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Performing Political Affect: Alter Egos and Black Feminism in Popular Music

Irizarry, Larissa (2022) Performing Political Affect: Alter Egos and Black Feminism in Popular Music. Doctoral Dissertation, University of Pittsburgh. (Unpublished)

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This dissertation explores the intellectual labor and political visionary work of Black women in popular music when performing through their alter egos. With Janelle Monáe, Nicki Minaj, and Beyoncé as three distinct case studies, I apply Black feminist theory to a creative process I call alter egoing. I theorize that by performing through their alter egos these artists act as critical interpreters of political culture. With the concept of alter egoing, I aim to identify and celebrate a Black feminist strategy that responds to mainstream discourses of hope and nostalgia circulating within contemporary electoral politics in the US.
Drawing on the work of Lauren Berlant (2011) and Sara Ahmed (2004), I understand affect as social feeling or bodily intensity. Thus, as I theorize how alter egoing engages in affective formation, I argue that these alter egos are indicative of shared, social feelings that are shaped by specific political events and socio-political environments (Ahmed 121). Additionally, I explore how the aesthetic evolution of these three artists builds on an Afrofuturist tradition specific to Black women that is propelled by contrasting ideological affects. Mindful of the historical emergence of alter egoing in the Obama era, I consider such experimental modes of representation as, in part, a response to American anti-Black populisms propelled by rhetorics of white nostalgia that emerged after 2002.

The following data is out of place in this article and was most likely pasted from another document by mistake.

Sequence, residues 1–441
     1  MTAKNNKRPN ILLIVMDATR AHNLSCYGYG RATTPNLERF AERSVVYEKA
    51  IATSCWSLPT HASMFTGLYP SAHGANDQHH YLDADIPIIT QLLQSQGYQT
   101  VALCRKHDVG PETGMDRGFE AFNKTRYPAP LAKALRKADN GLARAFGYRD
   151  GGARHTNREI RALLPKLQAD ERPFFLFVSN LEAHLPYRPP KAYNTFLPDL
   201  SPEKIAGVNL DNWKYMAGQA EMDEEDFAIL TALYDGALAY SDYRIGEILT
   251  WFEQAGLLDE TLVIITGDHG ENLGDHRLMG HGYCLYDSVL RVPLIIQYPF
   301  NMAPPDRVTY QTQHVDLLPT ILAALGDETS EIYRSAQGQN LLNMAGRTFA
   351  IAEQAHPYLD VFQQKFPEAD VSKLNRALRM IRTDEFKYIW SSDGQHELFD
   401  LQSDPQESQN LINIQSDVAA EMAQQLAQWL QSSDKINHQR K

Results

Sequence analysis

In my analysis of alter egoing, I illuminate the essential analytical work that Black feminist theory does for musical analysis by cross-examining music videos, visual albums, records and interviews in which alter egos are elicited (Monáe’s Metropolis Suites [2007, 2010, 2012] and Dirty Computer [2018]; Minaj’s Pink Friday: Roman Reloaded [2012], The Pinkprint [2014], Queen [2018]; Beyonce’s I am… Sasha Fierce [2008], Lemonade [2016], Black Is King [2020]). Ultimately, I argue how the critical creative process of alter egoing not only responds to contemporary US political culture, but simultaneously imagines futures that are explicitly Black, female, and queer


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Item Type: University of Pittsburgh ETD
Status: Unpublished
CreatorsEmailPitt UsernameORCID
Irizarry, Larissalai11@pitt.edulai11
ETD Committee:
TitleMemberEmail AddressPitt UsernameORCID
Committee ChairBloechl,
Committee MemberGlazener,
Committee MemberWang,
Committee MemberJohnson,
Date: 16 June 2022
Date Type: Publication
Defense Date: 30 March 2022
Approval Date: 16 June 2022
Submission Date: 25 April 2022
Access Restriction: No restriction; Release the ETD for access worldwide immediately.
Number of Pages: 154
Institution: University of Pittsburgh
Schools and Programs: Dietrich School of Arts and Sciences > Music
Degree: PhD - Doctor of Philosophy
Thesis Type: Doctoral Dissertation
Refereed: Yes
Uncontrolled Keywords: Beyoncé, Nicki Minaj, Janelle Monáe, disidentification, black feminist theory, music videos, visual albums
Date Deposited: 16 Jun 2022 18:04
Last Modified: 16 Jun 2022 18:04


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